“Fall is the best time to sow the native seeds…spring may do but many miss comeing up that year!” John Bartram to his son William, 1761
There are moments in life when a backward view shows how momentous change was wrought with an easy nod or a spirited statement.
We have images in our mind's eye that make our personal and private garden a masterpiece. Whether the fact matches the dream is left to the definition of those friends that we allow to visit.
Moving into this particular autumn, I reflect on many of these moments in my life and recognize how turning leaves and watersheds are so symbolic of my own travels, trails and trials.
Bartram’s Garden is a masterpiece whether the world notes it or not. It is my dream and conception of it that is perfect. Execution be damned.
I am blessed with a good wife, responsible children, and many goodly friends. I owe my present condition to them. Without them, I wouldn’t anticipate the future with such unrestrained enthusiasm and optimism.
I am here because of the urging of one friend in particular. It is she who first crafted the dream that cracked the butterfly’s chrysalis. I dined with her recently.
Stephanie Cohen's open door policy extends to her house, garden and life. She welcomes one and all to her bountiful brand of wisdom, wit and verve.
Stephanie Cohen is operatic in her perennial overtures. She is constantly connecting and dispensing. She is welcoming, warming, and wonderfully quixotic with humor and happening. In all of our recent conversations, she urges us all to, “pay it forward!” And I love her the more for it. She reminds me to live in my own world and let others join or follow. The example I set or the passion I feel will only be positive if it’s shared. My door should be open to all possibilities.
I am standing here in my autumn to pay it forward. There have been many others like Stephanie throughout my life that allow me to view the world from a high vantage point. My correspondence and my conversations with the learned and the notorious have prospered my business.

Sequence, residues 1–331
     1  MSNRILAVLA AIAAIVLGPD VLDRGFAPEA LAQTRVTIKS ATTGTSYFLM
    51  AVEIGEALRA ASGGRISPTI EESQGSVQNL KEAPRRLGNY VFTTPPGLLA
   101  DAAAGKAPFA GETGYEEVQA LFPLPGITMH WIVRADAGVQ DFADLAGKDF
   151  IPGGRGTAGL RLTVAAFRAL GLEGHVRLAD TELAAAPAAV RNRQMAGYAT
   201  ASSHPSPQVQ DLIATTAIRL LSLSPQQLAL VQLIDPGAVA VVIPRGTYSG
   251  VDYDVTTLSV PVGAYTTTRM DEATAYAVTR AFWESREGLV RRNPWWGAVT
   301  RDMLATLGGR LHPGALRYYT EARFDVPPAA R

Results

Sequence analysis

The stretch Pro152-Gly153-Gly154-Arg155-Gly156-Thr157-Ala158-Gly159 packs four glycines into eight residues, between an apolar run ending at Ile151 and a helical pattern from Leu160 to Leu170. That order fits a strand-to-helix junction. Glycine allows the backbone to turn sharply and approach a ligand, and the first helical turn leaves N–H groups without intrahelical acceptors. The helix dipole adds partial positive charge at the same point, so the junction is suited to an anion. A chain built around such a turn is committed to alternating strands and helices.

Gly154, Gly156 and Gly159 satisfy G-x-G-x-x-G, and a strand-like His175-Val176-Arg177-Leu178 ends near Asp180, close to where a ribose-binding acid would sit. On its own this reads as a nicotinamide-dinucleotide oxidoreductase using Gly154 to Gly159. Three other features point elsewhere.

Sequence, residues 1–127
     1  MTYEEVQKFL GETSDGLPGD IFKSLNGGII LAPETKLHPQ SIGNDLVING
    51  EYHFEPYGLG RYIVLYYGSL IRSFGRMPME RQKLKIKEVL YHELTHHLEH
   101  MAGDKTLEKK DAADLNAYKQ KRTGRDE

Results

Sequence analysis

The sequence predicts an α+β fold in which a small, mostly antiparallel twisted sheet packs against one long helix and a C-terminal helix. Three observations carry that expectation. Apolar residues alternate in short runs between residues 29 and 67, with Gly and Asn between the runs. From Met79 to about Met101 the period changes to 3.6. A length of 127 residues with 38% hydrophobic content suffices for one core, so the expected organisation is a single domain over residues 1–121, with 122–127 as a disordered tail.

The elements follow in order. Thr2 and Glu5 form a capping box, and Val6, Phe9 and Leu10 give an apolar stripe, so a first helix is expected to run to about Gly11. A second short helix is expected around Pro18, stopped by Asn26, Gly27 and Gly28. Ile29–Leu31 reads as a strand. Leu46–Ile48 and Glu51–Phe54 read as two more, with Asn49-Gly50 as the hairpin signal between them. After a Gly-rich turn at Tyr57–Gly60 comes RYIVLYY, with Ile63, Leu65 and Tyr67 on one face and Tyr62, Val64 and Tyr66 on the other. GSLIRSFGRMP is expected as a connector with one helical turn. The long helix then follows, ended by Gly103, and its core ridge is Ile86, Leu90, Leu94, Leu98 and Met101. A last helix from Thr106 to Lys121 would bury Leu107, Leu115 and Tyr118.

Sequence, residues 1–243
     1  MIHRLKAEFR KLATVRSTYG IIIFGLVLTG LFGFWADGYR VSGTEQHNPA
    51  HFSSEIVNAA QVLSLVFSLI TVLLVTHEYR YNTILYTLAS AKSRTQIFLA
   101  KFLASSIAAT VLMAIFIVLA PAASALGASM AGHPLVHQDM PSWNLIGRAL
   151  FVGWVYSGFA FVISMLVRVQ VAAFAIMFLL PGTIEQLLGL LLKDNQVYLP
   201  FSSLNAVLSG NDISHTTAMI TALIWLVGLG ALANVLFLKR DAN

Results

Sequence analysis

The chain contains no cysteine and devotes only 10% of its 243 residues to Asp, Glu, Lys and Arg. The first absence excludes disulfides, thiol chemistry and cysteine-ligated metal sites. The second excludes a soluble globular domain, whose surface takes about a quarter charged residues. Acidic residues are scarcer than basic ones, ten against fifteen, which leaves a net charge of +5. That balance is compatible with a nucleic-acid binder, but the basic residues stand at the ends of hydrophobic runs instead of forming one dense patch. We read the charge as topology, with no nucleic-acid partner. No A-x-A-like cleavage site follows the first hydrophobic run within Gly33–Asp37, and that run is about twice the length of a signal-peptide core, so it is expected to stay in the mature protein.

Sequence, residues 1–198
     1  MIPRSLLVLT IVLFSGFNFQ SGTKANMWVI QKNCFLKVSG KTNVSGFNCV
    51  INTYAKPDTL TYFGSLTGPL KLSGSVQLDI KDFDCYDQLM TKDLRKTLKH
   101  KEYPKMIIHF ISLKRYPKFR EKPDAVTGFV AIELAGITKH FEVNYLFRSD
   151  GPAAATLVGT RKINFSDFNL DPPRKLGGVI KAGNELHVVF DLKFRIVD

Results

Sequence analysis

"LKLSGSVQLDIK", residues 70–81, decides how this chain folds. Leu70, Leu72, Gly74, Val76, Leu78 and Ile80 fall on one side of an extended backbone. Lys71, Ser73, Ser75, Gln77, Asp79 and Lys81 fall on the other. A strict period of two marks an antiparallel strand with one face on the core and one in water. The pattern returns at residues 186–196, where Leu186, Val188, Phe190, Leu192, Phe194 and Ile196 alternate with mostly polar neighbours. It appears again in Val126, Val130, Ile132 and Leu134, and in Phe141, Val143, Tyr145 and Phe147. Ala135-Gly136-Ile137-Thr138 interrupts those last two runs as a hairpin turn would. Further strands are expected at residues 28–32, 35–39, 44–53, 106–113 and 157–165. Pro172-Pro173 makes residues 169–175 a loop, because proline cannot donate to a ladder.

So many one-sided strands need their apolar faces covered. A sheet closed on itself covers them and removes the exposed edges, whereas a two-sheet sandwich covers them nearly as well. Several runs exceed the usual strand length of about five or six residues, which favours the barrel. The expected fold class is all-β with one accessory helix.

This education has come to me for the asking. The generosity of the true professionals has always astounded me in its honesty and selflessness. The goodness in this green industry can be found like running water in nature.
Which brings me to how my life in this particular autumn is one rich watershed.
W. Scott Douglas, President Cook's Creek Watershed Association
Plentiful water resources grace North America. We must take responsibility for protecting them with what we put on or in the soils through which that water moves. Cook’s Creek is an area of roughly 30 square miles in Bucks County, north of Philadelphia. It is closest to the Richland Friends Meeting founded in 1723.
- Cook’s Creek Watershed Association
I had the marvelous opportunity to discuss my views of the importance of preserving our natural resources with the Cook’s Creek Watershed Association. They are a long-established group to be so closely defined on such a specific subject in such a small geographic area. They are to be treasured. It comforts me that even at my advanced years, I can still be surprised by the political causes that others choose to embrace. This topic is one that should electrify the world. It needs to energize and empower. We need 1,000 more Cook’s Creek Watershed Associations in order to produce a meaningful effect.
Our lives need to encourage the nature around us not endanger it. This watershed association connection needs to become an episode in my public discourse: a watershed call to action.
In this autumn, I need to “pay it forward.” This can be my watershed autumn of turning a new leaf.